Scripting Language Basics

Take Command provides a rich command language in its command processor (TCC.EXE) that is highly upwardly compatible with (and a replacement for) the default Windows command processor CMD.EXE. It is suitable for creating both simple and highly sophisticated batch programs. The language can also be used at the command prompt to create very powerful real-time manipulation of your computer.




TCC has a huge set of capabilities. These capabilities are grouped into three categories:


Internal Commands - These are the primary language constructs. Common commands include, DIR, COPY, MOVE, etc. TCC gives you instant access to more than 235 internal commands. (Microsoft's CMD.EXE has fewer than 40 internal commands.).


Internal vs. External Commands


When we talk about an internal command, we mean the command is built into the Take Command program. With CMD, some commands, like XCOPY are actually separate programs. In PowerShell, the commands are generally external programs. PowerShell requires a separate .NET Framework to be installed on the computer for the commands to work.


Internal Variable - Internal variables are special variables built into TCC to provide information about your system. They are not stored in the environment, but can be accessed as if they were environment variables in interactive commands, aliases, and batch files. Take Command provides more than 270 internal variables that can tell you a great deal about your computer and how it is operating. These include installed hardware, hardware status, operating system and software status, etc.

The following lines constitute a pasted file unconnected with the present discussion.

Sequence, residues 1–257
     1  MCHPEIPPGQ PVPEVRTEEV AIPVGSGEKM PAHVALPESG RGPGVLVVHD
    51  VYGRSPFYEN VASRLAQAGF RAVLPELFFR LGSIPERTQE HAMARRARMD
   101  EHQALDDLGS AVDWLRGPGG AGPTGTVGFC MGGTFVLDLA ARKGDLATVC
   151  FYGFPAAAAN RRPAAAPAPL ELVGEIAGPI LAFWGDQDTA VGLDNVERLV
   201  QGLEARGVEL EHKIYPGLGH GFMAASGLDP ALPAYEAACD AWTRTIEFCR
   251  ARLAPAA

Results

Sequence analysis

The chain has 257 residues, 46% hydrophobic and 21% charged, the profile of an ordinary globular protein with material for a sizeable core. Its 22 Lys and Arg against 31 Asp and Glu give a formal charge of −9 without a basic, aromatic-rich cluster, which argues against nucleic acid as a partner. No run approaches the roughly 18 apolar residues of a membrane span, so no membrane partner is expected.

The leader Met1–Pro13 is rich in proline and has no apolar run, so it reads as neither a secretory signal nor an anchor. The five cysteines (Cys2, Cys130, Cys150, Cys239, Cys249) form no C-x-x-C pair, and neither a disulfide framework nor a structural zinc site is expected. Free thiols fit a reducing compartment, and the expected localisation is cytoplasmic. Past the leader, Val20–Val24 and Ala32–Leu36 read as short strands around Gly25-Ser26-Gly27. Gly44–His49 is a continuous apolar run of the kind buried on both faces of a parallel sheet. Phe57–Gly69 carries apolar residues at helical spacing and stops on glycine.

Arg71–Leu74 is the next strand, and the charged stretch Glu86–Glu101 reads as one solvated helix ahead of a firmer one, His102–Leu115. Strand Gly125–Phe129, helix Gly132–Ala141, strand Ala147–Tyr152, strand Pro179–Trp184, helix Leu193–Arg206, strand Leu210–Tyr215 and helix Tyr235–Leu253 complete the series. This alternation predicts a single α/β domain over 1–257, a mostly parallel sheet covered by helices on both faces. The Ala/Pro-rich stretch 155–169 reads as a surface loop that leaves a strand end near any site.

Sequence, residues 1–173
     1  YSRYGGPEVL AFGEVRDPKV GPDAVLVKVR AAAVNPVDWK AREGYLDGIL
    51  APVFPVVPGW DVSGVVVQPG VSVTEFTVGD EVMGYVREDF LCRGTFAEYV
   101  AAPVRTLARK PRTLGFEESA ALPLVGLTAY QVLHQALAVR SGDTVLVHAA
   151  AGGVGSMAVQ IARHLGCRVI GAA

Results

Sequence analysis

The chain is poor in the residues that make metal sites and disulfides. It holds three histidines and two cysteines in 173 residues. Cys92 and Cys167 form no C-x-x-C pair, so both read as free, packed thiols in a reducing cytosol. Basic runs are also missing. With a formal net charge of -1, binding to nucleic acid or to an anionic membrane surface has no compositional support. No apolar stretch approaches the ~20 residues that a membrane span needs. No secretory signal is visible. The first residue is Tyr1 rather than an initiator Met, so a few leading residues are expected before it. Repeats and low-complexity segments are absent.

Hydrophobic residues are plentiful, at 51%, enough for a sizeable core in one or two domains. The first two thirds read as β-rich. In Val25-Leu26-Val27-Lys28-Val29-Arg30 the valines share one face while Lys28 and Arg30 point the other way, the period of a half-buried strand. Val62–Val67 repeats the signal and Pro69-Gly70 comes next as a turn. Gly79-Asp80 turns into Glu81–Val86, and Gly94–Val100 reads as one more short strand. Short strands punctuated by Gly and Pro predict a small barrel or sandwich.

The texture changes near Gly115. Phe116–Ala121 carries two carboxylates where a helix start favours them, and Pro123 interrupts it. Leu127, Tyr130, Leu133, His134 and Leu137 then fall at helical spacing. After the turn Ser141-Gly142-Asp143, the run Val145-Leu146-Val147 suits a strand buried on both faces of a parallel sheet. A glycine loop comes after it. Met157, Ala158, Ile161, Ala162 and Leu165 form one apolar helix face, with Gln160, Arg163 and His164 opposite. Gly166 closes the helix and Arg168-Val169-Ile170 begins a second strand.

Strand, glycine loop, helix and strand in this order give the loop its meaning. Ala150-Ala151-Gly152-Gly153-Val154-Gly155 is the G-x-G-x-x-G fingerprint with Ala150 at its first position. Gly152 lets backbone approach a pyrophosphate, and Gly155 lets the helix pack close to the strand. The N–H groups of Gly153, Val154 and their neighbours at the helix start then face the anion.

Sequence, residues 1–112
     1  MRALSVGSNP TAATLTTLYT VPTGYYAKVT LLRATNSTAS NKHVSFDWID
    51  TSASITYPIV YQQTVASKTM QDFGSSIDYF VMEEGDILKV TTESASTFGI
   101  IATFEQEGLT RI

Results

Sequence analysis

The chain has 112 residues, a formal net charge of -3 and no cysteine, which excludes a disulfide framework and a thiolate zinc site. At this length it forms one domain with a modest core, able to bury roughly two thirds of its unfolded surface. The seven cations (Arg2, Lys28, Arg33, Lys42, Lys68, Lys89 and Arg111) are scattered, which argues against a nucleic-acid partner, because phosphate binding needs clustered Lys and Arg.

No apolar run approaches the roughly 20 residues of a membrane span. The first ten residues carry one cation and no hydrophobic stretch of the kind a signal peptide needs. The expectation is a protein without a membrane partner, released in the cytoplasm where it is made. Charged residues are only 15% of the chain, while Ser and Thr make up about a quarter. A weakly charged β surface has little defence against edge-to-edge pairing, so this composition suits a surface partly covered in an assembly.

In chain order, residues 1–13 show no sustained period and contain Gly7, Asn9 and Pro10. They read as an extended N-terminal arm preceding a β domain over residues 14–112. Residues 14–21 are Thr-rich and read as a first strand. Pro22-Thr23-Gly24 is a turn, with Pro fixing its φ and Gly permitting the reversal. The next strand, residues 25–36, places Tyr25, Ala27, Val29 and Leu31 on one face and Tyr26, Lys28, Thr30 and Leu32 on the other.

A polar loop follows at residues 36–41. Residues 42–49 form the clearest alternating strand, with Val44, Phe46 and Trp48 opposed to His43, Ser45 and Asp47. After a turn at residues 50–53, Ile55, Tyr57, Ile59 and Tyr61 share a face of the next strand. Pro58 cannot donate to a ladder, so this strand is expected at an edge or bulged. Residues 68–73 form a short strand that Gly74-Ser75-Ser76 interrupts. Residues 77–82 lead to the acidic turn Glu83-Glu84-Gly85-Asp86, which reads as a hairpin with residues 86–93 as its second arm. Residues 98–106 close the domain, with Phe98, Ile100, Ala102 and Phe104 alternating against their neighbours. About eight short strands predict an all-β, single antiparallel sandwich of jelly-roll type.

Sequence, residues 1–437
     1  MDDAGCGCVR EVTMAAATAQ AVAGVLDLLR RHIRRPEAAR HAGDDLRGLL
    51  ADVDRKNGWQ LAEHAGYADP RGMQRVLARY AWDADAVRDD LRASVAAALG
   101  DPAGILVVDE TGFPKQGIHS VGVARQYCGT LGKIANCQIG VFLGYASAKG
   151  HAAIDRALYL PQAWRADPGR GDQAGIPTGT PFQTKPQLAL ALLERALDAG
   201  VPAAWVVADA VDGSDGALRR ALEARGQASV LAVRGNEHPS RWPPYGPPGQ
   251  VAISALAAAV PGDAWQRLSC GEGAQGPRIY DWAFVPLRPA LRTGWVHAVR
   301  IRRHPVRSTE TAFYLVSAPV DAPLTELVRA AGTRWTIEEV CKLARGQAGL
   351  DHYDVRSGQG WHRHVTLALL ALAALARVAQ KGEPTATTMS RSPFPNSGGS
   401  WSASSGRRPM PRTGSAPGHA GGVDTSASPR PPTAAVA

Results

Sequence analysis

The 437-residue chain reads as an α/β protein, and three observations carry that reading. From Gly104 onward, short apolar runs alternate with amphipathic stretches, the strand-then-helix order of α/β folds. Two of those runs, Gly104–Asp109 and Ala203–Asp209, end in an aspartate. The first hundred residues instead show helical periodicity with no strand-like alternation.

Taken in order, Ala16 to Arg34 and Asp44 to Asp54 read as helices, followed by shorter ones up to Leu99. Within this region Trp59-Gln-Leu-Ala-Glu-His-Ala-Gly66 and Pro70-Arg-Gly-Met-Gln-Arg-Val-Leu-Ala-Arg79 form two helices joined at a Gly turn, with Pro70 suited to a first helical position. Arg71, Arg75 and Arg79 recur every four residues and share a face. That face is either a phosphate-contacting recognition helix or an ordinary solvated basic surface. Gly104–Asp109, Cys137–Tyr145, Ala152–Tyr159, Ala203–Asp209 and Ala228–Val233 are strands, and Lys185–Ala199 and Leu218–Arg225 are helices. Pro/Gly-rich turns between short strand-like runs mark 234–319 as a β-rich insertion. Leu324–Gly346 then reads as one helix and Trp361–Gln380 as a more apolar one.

Variable Functions - Variable functions are very similar to internal variables, but they take one or more parameters (which can be environment variables or even other variable functions). Variable functions are useful at the command prompt as well as in aliases and batch files to check on available system resources, manipulate strings and numbers, and work with files and filenames. There are more than 360 variable functions built into TCC.


We are not going to talk about all of the features of the TCC Language in this tutorial. (The manual is 1,300 pages long!) We are going to assume you know the basics of CMD and point you at a few of things that TCC does better with less work than CMD.


Internal Commands


There are several aspects of TCC’s internal command set that are definitely worth looking at:





Flow of Control Commands


Event Monitoring Commands (Triggers) -- We made this into a separate tutorial


Each of these is covered below:


1. Switches


Switches modify commands by giving them special instructions. TCC has a superset of the CMD switches and is generally compatible. We say generally, because unfortunately, CMD has not been consistent from version to version.

For example, in CMD, the COPY command has 7 switches (XCOPY has more). The TCC COPY command has 34 switches. Examples of a few of the switches that the CMD COPY command does not have include:


/N Executes the copy command and shows you what the output would be, but does not actually execute the command

/O Copy the source file only if the target does not exist

/S Copy the subdirectory tree starting with the files in the source directory plus each subdirectory

/H Copy all matching files including those with a hidden or system attribute set

/W Delete files in the target directory that don’t exist in the source directory